Were these authoritarian responses necessary?

Look at this precious lady:

abc train singer nt 130307 wblog Elderly Woman Thrown Off Train For Singing

She is Emma Anderson, aged 82, and she was thrown off a train for singing too loudly.

An ABC report states:

Anderson of Miami-Dade, was singing spiritual hymns from her train seat when a security guard asked her to stop. The security guard told Anderson that she was being disruptive.

“I was beating my little beads with the bottle and I was singing a song, and he came up to me and said, ‘Ma’am, you’re making too much noise,’” Anderson told ABC News affiliate WPLG.

You can view the report, which includes a video of the incident, here.

If, for some reason, it was absolutely necessary to remove this woman, why didn’t someone take her by the arm and gently lead her off the train? Police and security guards who treat people in this manner need to be forever banned from working with the public.

According to her son, Kenny, “The security guard pulled the bag his mother was holding so hard that she fell backwards and hurt herself. ‘We took her to the hospital and they took X-rays. Doctors say she has a bruised hip and shoulder.'”

Mrs. Anderson could have been seriously, perhaps permanently, injured from such a fall. The security guard should be charged with assault on an elderly person.

And here’s what they’re doing to Robert Schiavelli, 42, of Rockville Centre, NY:

<br /><br /><br /><br />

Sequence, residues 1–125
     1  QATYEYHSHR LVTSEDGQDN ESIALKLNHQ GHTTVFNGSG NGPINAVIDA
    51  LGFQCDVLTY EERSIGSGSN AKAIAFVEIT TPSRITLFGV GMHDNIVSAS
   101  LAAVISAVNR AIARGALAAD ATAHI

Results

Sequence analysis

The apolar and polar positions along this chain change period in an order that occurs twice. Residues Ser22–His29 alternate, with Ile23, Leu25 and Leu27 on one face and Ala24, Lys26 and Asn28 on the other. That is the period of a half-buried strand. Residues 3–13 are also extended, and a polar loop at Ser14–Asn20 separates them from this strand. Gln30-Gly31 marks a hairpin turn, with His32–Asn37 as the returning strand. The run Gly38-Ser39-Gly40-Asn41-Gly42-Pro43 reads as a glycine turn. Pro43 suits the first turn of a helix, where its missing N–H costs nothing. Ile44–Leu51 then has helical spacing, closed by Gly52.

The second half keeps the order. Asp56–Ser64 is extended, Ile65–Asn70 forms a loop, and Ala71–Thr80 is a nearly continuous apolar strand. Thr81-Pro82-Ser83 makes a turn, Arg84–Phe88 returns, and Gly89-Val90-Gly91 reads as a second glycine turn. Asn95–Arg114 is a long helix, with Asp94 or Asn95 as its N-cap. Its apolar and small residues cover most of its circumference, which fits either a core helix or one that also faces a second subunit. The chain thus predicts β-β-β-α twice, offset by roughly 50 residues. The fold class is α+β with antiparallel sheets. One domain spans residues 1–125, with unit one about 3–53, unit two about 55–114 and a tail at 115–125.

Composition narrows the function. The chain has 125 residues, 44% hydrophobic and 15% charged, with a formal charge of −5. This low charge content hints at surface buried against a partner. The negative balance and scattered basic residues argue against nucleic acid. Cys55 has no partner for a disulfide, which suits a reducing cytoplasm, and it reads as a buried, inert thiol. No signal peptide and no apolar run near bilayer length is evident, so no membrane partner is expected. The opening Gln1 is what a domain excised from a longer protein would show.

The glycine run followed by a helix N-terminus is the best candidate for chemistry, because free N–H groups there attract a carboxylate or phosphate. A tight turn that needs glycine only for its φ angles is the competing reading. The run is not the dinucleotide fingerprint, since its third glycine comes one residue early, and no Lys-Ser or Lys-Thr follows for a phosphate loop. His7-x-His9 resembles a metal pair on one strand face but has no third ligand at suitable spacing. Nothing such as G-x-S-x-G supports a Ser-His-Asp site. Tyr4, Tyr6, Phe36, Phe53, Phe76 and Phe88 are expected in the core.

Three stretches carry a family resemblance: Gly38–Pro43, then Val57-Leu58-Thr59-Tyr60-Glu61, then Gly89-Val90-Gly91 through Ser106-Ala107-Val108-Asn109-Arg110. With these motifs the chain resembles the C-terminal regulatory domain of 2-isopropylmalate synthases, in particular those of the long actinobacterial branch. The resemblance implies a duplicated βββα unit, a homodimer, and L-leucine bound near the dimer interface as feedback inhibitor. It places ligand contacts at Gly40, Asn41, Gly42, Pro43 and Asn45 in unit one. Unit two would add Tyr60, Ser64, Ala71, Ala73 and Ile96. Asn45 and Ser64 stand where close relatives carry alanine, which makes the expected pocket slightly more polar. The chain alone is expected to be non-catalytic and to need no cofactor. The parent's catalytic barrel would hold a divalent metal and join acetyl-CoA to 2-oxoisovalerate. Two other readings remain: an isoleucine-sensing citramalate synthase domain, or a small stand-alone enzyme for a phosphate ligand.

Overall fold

Long Island man issued summons for laughing too loud in his own home

“I didn’t know it was a crime to laugh out a window,” said Schiavelli, who is considered disabled because he has frequent seizures and suffers from neurological impairments.

Schiavelli was chortling because he says his neighbor often taunts him due to his disability — and his best defense is to laugh him off.

Robert’s mother states:

“He tries to intimidate Robert” by calling him “a retard’’ and other names, said Suzanne, 65.

After years of the alleged treatment, Suzanne said her son “has learned to laugh at him.”

The day the summonses were written, “I was making dinner. Our neighbor was in the driveway wiping off his car and sneering at Robert” while he was inside the house, Suzanne explained.

As usual, Schiavelli addressed O’Hanian’s alleged glares with a good chuckle.

“What else are you supposed to do when someone calls you a retard?” asked Schiavelli, who graduated from high school as a special-education student.

There are always two sides to each story; however, what kind of slippery slope are we sliding down when we begin to regulate where and how loudly people can laugh and sing? Laughing and singing are most often expressions of joy. Just look at Mrs. Anderson and Robert. Are these the types of people we want to harass? There are plenty of real criminals in our society. Consider, as just two examples, flash mobs and gangs, both of which the media, and seemingly those in authority, choose to ignore. Instead, we see them punishing those who are most vulnerable.

I have great respect for law enforcement. May God bless them for risking their lives for the rest of us. However, when good people are harassed by those in any level of authority, it should generate societal outrage to the extent that those who abuse their positions are expelled from the system.

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